After motorized scooters dropped unannounced in Raleigh and Chapel Hill, Durham officials began preparing for the same inevitability. But their fix is presenting headaches of its own.

A proposed revision to a city ordinance defines motorized scooters as mopeds under North Carolina law. That subjects the scooters to a host of equipment requirements in order to be safely driven on roads, where Durham scooter users would be relegated.

The problem is, the electric scooters descending on American cities don’t generally have all of the requisite moped stuff—inflatable tires, lights for riding at night, a mirror, registration, and a license plate.

“We have a balance to strike in this between having the scooters operating and providing benefits to the, city and not,” says council member Charlie Reece, who ventured to Raleigh last week to give a Bird scooter a spin. (He reports that it was “scary and exciting in equal measure.”) “The balance we have to strike is that scooters will almost certainly come here at some point. The danger is that, because of a quirk in state law, there are certain legal requirements that the statutes impose on the devices that they will not meet when they are deployed.”

According to Cody Charland, Bird’s Raleigh fleet manager, Bird scooters have inflatable tires and lights, but not mirrors or license plates—although Charland says he can’t speak to whether those features could be added. It’s also unclear whether the scooters meet the registration requirement.

But the company’s government affairs representatives don’t seem concerned about the moped part of the proposal. They didn’t bring it up in a recent email to the city council expressing support (with some reservations) for the ordinance or in remarks at Monday’s city council meeting.

The proposal would ask companies seeking permits to operate in the city to affirm that their devices meet the moped requirements outlined by state law. Actually making sure they do is a whole other problem.

As such, council members on Monday night delayed a vote on the ordinance until they could get input from the city’s Bicycle and Pedestrian Advisory Committee and the Durham Police Department, which could be put in the position of telling unsuspecting riders that the scooter they just rented doesn’t comply with the law. Under state statute, it’s a misdemeanor to drive an unregistered moped on a street or to allow a moped you own to be driven unregistered. Moped riders also have to be at least sixteen and must wear helmets.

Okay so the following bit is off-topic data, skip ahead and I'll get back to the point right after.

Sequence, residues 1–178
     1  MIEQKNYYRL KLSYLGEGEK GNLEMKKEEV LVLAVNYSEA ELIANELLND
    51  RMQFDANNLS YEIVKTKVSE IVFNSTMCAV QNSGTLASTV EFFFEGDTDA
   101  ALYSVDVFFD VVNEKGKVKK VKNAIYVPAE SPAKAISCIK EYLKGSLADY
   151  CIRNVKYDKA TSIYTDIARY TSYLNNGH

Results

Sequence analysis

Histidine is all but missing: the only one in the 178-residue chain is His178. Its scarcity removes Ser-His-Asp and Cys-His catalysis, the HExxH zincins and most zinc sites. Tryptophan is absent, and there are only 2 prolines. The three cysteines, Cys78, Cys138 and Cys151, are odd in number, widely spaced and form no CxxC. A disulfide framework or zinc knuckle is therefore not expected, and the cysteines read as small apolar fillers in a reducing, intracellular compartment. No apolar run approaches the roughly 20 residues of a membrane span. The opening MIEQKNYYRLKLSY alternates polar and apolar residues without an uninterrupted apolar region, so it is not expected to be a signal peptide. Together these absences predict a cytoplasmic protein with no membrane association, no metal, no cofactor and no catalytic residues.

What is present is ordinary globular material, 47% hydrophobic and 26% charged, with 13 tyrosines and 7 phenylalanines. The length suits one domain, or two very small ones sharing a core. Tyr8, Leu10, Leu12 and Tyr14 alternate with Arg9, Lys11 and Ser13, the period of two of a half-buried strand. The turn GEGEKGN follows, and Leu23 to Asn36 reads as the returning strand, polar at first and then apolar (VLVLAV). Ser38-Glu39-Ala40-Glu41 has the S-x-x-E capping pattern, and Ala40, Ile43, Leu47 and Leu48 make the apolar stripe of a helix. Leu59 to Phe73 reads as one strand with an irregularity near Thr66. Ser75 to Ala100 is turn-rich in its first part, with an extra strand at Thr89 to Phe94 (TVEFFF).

City attorney Patrick Baker says whether the term moped is in the ordinance or not, the classification is basically unavoidable. Scooters are obviously not cars, ATVs, bikes, or electric-assisted bikes, as defined by state law. Personal-assisted mobility device, like Segways, would be a nice bucket to drop them in if that definition didn’t specify that they have two wheels not in tandem.

“Once you stick a motor on it, it’s got to be some sort of motorized vehicle,” Baker says. “Through the process of elimination, you end up with: It must be a moped.”

What’s more, city code prohibits bikes (and vehicles) on sidewalks, and the council hasn’t expressed a desire to treat zippy fifteen-mile-per-hour scooters differently. So they have to go on roads, which means they have to have lights, a mirror, and inflatable tires—like mopeds.

In meetings about the scooters, council members also haven’t made pleas to outright ban the things—as cities from San Francisco to Miami have done—or let them exist “in a lawless state,” as Reece describes the current situation in Raleigh, where city staffers have been given two months to craft an ordinance regulating scooters that are already there. (Unlike Durham, Raleigh doesn’t have a dockless bike-share program whose regulations can be amended to cover scooters.)

The scooters offer an alternative to cars for short trips, particularly the last bit of a commute after exiting public transportation, and take up less space than bikes. Companies round them up nightly to avoid the kind of clutter that has prompted complaints about Durham’s bike-share system.

Durham’s existing ordinance requires companies to make the shared transportation devices accessible to low-income areas. The proposed revision adds a requirement to accommodate people without smartphones or credit cards.

Bird has some qualms about this last part because the service is built around an app. Before their first ride, customers must snap a photo of any government ID showing they are at least eighteen. After each ride, they’re asked to take a picture proving they parked properly. (The company does discount fees for anyone enrolled in state or federal assistance programs.) Servando Esparza, Bird’s senior manager of government relations, also asked council members Monday night to revisit a $100 per-device fee, which he said is “one of the higher ones of all the cities we operate in.”

City officials have asked the DMV and the state Attorney General’s Office for guidance, but ultimately they think a change in state law is needed to define this new technology.

“That’s the challenge we’re having,” Baker says. “This is a case where the technology is out in front of the legislation.”